Is @trusted the wrong direction?

Paolo Invernizzi paolo.invernizzi at
Sun Nov 17 14:37:16 UTC 2019

On Saturday, 16 November 2019 at 20:24:59 UTC, Alexandru Ermicioi 
> On Sunday, 10 November 2019 at 11:08:29 UTC, Paolo Invernizzi 
> wrote:
>> On Saturday, 9 November 2019 at 20:38:47 UTC, Alexandru 
>> Ermicioi wrote:
>>> On Saturday, 9 November 2019 at 16:22:05 UTC, Dominikus 
>>> Dittes Scherkl wrote:
>>>> I always thought trusted functions shouldn't be a thing. 
>>>> Almost never a whole function need to be trusted, but only a 
>>>> few lines of code. What we need instead are trusted blocks. 
>>>> Those can be simulated with anonymous nested functions, but 
>>>> the syntax is ugly as hell while complete trusted functions 
>>>> should be forbidden.
>>> Had an idea how to make more nice trusted blocks:
>>> ```d
>>> import std.stdio;
>>> T trusted (T)(T delegate() @system dg) @trusted {
>>>    return dg();
>>> }
>>> void main() @safe
>>> {
>>>     writeln("Hello D");
>>>     ({
>>>         writeln("C ", cast(void*) 1);
>>>     }).trusted;
>>> }
>>> ```
>>> looks a lot better than anonymous functions that are called 
>>> right away after being defined.
>>> Best regards,
>>> Alexandru.
>> That's exactly the kind of stuff to avoid, in my opinion: for 
>> a code reviewer point of view, this is just obfuscation, while 
>> the author should write trusted code in the more pedantic and 
>> clear way, to facilitate the reviewer analysis.
>> The whole point, in trusted code, is bond to the fact that the 
>> code should just be just plain easy to manually be checked.
>> /Paolo
> How is this more obfuscating than:
> ```d
> (() @trusted => writeln("C", cast(void*) 1))();
> ```
> In my case as reviewer, I'd find this example more hard to 
> reason due to high amount of braces here.
> Original solution could work in existing version of d language. 
> I' m not stating that changes to facilitate more clear and less 
> trusted code should not be implemented on language level given 
> library solution. Trusted blocks would make sense when we're 
> trying to minimize amount of such code.

I remember a discussion some time ago about the overusing of 
@trusted-as-a-super-thin-wrapper around @sytem calls, made by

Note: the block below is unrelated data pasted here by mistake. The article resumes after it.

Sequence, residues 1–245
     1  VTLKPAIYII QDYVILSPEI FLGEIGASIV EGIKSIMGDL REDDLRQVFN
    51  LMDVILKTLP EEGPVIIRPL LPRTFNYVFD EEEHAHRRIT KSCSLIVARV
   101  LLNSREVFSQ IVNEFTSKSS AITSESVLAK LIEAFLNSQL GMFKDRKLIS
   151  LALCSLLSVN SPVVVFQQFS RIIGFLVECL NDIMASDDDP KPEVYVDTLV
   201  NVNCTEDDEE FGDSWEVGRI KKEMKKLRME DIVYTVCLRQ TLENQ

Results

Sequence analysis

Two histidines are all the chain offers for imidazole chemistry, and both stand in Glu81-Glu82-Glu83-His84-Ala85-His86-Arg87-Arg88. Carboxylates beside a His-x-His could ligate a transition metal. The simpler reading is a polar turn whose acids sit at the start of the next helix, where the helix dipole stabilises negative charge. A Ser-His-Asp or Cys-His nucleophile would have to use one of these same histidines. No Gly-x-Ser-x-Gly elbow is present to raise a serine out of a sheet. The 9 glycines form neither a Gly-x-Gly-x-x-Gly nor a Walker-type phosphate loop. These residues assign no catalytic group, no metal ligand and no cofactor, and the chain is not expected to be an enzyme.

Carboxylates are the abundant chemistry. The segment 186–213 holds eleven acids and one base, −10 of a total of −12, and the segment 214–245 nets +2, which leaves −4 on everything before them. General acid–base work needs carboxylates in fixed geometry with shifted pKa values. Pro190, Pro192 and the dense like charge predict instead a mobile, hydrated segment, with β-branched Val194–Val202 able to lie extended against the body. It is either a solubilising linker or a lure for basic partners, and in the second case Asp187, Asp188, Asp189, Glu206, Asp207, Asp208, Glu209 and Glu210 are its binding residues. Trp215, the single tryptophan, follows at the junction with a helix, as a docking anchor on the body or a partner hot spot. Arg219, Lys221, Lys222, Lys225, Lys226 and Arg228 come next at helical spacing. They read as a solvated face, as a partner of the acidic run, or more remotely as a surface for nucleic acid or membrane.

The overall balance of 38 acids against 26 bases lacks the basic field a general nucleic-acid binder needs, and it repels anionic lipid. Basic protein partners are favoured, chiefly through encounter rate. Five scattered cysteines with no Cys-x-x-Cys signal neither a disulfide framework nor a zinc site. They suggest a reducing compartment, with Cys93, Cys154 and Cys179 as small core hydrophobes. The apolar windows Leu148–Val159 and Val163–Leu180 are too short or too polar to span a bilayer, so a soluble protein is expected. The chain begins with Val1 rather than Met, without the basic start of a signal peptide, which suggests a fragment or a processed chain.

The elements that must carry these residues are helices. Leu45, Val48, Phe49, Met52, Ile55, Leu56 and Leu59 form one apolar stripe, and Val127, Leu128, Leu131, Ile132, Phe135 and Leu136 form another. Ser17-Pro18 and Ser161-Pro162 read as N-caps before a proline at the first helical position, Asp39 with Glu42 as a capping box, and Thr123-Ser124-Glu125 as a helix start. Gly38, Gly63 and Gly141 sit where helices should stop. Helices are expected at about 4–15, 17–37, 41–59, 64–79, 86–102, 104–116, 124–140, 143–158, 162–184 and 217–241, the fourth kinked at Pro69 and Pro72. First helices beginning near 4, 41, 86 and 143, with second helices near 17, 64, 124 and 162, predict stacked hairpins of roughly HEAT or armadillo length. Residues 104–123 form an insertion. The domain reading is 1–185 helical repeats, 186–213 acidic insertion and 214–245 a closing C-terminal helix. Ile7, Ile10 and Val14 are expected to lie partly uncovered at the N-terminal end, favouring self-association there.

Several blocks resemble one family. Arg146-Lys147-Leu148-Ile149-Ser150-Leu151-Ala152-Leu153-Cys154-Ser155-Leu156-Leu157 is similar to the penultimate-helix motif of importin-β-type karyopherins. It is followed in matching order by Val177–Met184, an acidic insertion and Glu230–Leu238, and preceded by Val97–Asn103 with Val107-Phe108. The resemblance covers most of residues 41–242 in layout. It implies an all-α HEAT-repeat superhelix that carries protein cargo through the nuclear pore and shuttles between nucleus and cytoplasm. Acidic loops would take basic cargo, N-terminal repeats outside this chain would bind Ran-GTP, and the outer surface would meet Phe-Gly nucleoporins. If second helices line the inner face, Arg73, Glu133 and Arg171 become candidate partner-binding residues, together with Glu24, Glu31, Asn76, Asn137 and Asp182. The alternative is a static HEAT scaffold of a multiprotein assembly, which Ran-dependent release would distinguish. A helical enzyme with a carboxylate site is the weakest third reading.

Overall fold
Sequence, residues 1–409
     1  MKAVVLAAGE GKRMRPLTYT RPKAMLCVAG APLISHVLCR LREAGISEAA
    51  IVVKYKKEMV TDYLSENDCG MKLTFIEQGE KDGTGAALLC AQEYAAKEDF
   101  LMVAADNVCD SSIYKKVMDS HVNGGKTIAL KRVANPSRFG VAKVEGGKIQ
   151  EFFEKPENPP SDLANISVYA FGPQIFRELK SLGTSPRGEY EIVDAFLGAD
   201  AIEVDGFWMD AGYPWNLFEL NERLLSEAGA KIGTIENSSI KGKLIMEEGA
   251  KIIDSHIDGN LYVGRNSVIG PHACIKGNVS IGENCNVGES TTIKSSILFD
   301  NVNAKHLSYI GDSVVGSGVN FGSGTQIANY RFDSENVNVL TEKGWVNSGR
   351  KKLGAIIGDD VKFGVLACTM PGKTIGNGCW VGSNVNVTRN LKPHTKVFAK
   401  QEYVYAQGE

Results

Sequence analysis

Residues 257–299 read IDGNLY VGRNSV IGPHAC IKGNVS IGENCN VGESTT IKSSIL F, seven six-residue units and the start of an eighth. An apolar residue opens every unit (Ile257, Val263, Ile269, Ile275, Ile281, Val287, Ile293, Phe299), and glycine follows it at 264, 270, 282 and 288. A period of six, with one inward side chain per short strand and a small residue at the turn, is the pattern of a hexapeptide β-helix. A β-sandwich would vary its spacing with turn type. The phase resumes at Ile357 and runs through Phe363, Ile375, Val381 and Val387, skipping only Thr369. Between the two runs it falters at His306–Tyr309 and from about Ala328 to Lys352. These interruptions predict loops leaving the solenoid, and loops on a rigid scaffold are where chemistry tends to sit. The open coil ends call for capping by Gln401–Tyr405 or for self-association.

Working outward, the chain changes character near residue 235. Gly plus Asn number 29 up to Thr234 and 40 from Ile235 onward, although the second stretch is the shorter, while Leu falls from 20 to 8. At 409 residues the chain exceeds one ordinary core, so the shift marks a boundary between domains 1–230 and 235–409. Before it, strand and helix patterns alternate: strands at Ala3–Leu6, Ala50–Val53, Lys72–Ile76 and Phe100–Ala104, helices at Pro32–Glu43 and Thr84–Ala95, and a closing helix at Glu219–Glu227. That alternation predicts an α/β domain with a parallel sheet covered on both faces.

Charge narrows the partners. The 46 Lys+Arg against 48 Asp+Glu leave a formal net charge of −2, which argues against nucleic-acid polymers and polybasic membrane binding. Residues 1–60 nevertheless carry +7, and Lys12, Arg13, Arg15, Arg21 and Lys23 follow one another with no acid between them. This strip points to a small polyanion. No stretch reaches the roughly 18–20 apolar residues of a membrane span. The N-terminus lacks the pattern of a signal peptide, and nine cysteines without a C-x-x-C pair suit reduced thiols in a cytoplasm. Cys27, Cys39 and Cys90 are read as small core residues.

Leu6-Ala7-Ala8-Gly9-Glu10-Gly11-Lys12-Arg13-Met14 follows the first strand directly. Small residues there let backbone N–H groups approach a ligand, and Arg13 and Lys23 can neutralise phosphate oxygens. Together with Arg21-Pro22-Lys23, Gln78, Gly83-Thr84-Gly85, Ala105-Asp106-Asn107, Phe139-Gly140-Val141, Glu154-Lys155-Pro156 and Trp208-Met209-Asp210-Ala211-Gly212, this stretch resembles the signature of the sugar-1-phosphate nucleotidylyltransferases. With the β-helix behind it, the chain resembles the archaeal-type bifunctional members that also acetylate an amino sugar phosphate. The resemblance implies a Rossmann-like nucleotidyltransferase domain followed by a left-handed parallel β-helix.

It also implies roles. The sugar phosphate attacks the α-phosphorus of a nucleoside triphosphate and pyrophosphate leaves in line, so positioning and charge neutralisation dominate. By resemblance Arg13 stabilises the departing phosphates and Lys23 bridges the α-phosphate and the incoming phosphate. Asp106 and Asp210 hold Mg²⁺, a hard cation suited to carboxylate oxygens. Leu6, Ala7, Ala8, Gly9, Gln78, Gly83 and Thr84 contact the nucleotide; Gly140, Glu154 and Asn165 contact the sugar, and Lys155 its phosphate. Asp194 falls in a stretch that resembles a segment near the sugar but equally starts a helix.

Andrei and Walter over some parts of Phobos, and that proposed 
work just walks towards that same direction.

The point is, I'm against @trusted blocks, as I think it's more 
clear to have a fundamental minimal aggregate of code 
functionality: the function, as it's right now, especially for a 

The function has everything needed, documentation, contracts, 
everything is optimised, to clearly explain what should be the 
input, the output, and what's the intention of the code inside of 

The mere fact that a reviewer must pay attention not only to 
@trusted, but 'trusted' as a template, or why not '__trusted', or 
'this_is_trusted', and so on, it's just opening a can of worms 
when you review unfamiliar codebase. With a lesser impact, I 
think that this also holds with an implementation on language 

I underline, that are only personal opinions, I understand your 
point around the issue.

> On this note, if trusted is to be added to block statements, 
> then all annotation related functionality should be considered 
> whether to add or not to block statements or any type os 
> statement in general to keep annotation behavior uniform.

The difference is that pure, nothrow or nogc are mechanically 
checked, so if attributes are scattered around the codebase, also 
inside code blocks, there's not an impact: the compiler happily 
digests them.

That's not true for trusted ...

The introduction of pure, nothrow or nogc blocks can be an 
interesting option to investigate, especially for @nogc, but I 
guess that the latter is linked to the GC vs allocator work (DIP 
1025, to be clear).


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